Here’s the opening scene to the story. I hope you enjoy it.
Roger followed Constable Will as he pushed his heavy frame through the weeds that choked the muddy alley. The constable turned to whisper to Roger, “The bird-catcher said he delivered to number twelve didn’t he?” An unpleasant smell of stale alcohol and spicy sausage wafted from the constable’s mouth to lay siege to Roger’s nostrils. He tried to ignore the foul smell of the man’s breath. He disliked being in the constable’s company, but any hardship today would be worthwhile if they caught a necromancer.
“Yes. I have been counting the houses, it’s the next one.”
The constable looked worried. “If it’s magic, a witch like, will she know we’re coming? What if we’re set on by devils?”
“I don’t think it works like that,” said Roger.
“It doesn’t?” The constable shrugged. “Well, a priest like you should know.”
Truthfully, Roger worried that he didn’t really know how any of it worked. The books he had read only told part of the story and left him with questions that he couldn’t find an answer to. During his informal studies he had grasped some basic principles, and for a moment he even thought about explaining that they were looking not for a witch but for a necromancer, one who summoned evil spirits, and that not all magic was witchcraft. But looking at the constable’s squat thick skull he decided he would be wasting his breath.
Constable Will pointed up the alley. “There’s a crack in the fence here, let’s see if anything’s going on.” The constable shuffled his ungainly body along the wooden fence and beckoned for Roger to follow. The fence was in need of repair. It had a large crack where a board had fallen away through which they could get a view of the backyard.
They both tried to peer through the fence. The constable elbowed Roger sharply. “Let me look first, I’m an officer of the law.”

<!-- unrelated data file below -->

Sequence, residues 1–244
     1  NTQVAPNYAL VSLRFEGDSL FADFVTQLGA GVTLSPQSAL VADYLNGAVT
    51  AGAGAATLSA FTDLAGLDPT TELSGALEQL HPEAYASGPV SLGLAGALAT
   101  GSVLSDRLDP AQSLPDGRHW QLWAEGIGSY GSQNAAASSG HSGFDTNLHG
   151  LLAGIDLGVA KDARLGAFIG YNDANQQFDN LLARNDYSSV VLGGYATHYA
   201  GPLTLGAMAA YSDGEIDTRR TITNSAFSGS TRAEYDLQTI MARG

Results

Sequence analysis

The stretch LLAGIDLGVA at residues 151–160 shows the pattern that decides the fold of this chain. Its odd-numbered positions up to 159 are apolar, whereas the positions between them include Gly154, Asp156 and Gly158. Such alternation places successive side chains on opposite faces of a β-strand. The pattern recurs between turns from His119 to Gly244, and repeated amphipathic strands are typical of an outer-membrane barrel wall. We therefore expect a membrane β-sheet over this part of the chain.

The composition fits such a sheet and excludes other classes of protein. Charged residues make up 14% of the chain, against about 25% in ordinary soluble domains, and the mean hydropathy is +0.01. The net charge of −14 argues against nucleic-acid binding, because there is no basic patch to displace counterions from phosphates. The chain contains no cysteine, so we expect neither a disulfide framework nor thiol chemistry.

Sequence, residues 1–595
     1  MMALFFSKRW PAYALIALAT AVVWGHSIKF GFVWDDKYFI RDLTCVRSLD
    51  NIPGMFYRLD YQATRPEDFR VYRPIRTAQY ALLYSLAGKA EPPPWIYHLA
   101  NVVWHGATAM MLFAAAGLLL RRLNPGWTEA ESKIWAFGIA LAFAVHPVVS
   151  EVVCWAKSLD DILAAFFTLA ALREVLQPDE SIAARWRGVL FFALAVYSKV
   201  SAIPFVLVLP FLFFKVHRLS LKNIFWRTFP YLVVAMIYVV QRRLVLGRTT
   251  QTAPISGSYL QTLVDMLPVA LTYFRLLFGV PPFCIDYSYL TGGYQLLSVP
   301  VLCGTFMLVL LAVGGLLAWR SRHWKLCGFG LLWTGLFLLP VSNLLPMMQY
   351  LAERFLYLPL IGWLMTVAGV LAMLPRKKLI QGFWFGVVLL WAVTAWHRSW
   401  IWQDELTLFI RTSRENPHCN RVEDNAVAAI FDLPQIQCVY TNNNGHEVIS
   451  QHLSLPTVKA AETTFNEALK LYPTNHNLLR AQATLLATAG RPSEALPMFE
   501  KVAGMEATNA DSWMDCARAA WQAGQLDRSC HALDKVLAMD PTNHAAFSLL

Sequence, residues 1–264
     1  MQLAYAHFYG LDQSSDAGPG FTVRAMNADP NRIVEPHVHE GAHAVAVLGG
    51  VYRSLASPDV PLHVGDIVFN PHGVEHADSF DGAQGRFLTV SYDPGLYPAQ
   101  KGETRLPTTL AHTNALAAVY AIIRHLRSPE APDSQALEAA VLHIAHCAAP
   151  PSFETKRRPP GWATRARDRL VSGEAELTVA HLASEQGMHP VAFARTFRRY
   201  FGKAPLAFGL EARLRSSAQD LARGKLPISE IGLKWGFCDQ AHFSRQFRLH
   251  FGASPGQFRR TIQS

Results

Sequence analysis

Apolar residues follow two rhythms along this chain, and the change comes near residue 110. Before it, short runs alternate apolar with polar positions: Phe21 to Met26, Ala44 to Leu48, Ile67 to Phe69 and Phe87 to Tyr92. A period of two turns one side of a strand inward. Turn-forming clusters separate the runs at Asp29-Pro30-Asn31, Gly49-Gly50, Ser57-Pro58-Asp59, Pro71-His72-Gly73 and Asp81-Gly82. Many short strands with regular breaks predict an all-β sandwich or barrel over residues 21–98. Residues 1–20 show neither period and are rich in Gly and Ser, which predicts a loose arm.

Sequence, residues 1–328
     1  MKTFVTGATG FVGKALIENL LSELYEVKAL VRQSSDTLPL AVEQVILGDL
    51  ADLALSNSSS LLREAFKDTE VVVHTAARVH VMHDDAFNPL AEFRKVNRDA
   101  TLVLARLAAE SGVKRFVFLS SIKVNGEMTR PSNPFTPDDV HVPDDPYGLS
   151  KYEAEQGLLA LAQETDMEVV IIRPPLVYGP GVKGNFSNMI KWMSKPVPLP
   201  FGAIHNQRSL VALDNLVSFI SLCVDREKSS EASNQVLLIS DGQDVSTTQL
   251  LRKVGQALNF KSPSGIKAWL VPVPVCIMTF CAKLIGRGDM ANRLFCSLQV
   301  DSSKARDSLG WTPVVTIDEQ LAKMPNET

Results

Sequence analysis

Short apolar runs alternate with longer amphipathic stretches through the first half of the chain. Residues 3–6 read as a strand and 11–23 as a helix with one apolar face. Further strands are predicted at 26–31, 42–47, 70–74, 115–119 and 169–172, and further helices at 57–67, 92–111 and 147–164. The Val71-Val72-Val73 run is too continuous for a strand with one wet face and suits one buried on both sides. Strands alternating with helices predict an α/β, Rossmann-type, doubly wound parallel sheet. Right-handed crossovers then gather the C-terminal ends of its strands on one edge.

“Poop poop,” went something that sounded like a bird.
“What can you see?” asked Roger.
“There’s a woman and she’s got this funny orange bird in her hand, talking to it. Can you hear?” whispered the Constable.
Roger crouched behind him and stretched his neck towards the fence to listen. He heard the soft voice of a woman, speaking solemnly as if reciting a prayer:
“By Mary, mother of God, and all the angels I command you to obey me. Fly and sing your song to the one I love.”
Roger’s pulse leapt. “That’s sorcery alright,” he whispered. “What is she doing now, let me see.”
“No time for that,” said the constable. He shoved Roger aside, raised a heavily-shod foot and kicked down the flimsy fence that hid them.
“By the saints!” said the constable. “It’s Margery Haukwake. The Abbot is just going to love me when I bring you in.” As he laughed, his head rolled on his thick neck with pleasure.
With most of the fence gone, Roger could see the whole of the backyard. The woman had turned round, an expression of disbelief on her pretty soft face. The same face he had been admiring everyday for almost a year since he started as chantry priest at St. Peter’s church. On her hand perched a brightly-coloured orange bird, a fan shaped crest jutting from the top of its head. The bird looked at the newcomers with nervous enquiry.
“Get out of my yard,” shouted Margery. “You have no business here.”
“Your big house on the market square not good enough for you Margery?” said the constable. “Your father would be interested to know about this wouldn’t he? Do you bring men here?” The constable stepped towards Margery and tried to grab her arm. She spun on her heel and moved towards the back door of the house, the bird, still perched on her hand, fluttered its wings slightly but otherwise remained still.
“I’ll forget what I saw and heard though, if you give me a peck on the cheek,” said the constable.
“Get out, you disgusting oaf.” Margery indicated the gap in the fence as the constable’s best exit. As she did so she saw Roger. “Who’s that lurking in the alley? Tell him to piss off too.”